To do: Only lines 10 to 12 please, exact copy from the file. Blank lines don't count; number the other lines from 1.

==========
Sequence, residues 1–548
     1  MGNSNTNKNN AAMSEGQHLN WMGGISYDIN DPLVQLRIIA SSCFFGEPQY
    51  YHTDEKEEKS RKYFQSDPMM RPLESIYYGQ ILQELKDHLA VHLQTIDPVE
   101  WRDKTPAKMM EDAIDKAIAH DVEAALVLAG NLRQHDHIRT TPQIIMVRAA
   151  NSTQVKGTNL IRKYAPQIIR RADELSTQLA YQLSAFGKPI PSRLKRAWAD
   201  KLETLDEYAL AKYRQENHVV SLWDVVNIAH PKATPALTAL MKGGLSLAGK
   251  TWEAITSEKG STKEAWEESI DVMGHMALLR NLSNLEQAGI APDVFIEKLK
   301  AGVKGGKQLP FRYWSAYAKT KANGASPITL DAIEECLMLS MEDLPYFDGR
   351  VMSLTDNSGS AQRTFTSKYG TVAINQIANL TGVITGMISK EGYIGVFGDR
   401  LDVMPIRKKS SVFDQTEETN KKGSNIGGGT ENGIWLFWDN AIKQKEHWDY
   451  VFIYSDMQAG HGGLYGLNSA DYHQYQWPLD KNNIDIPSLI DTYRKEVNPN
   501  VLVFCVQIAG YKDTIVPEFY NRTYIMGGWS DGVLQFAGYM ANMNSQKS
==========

   401  LDVMPIRKKS SVFDQTEETN KKGSNIGGGT ENGIWLFWDN AIKQKEHWDY
   451  VFIYSDMQAG HGGLYGLNSA DYHQYQWPLD KNNIDIPSLI DTYRKEVNPN
   501  VLVFCVQIAG YKDTIVPEFY NRTYIMGGWS DGVLQFAGYM ANMNSQKS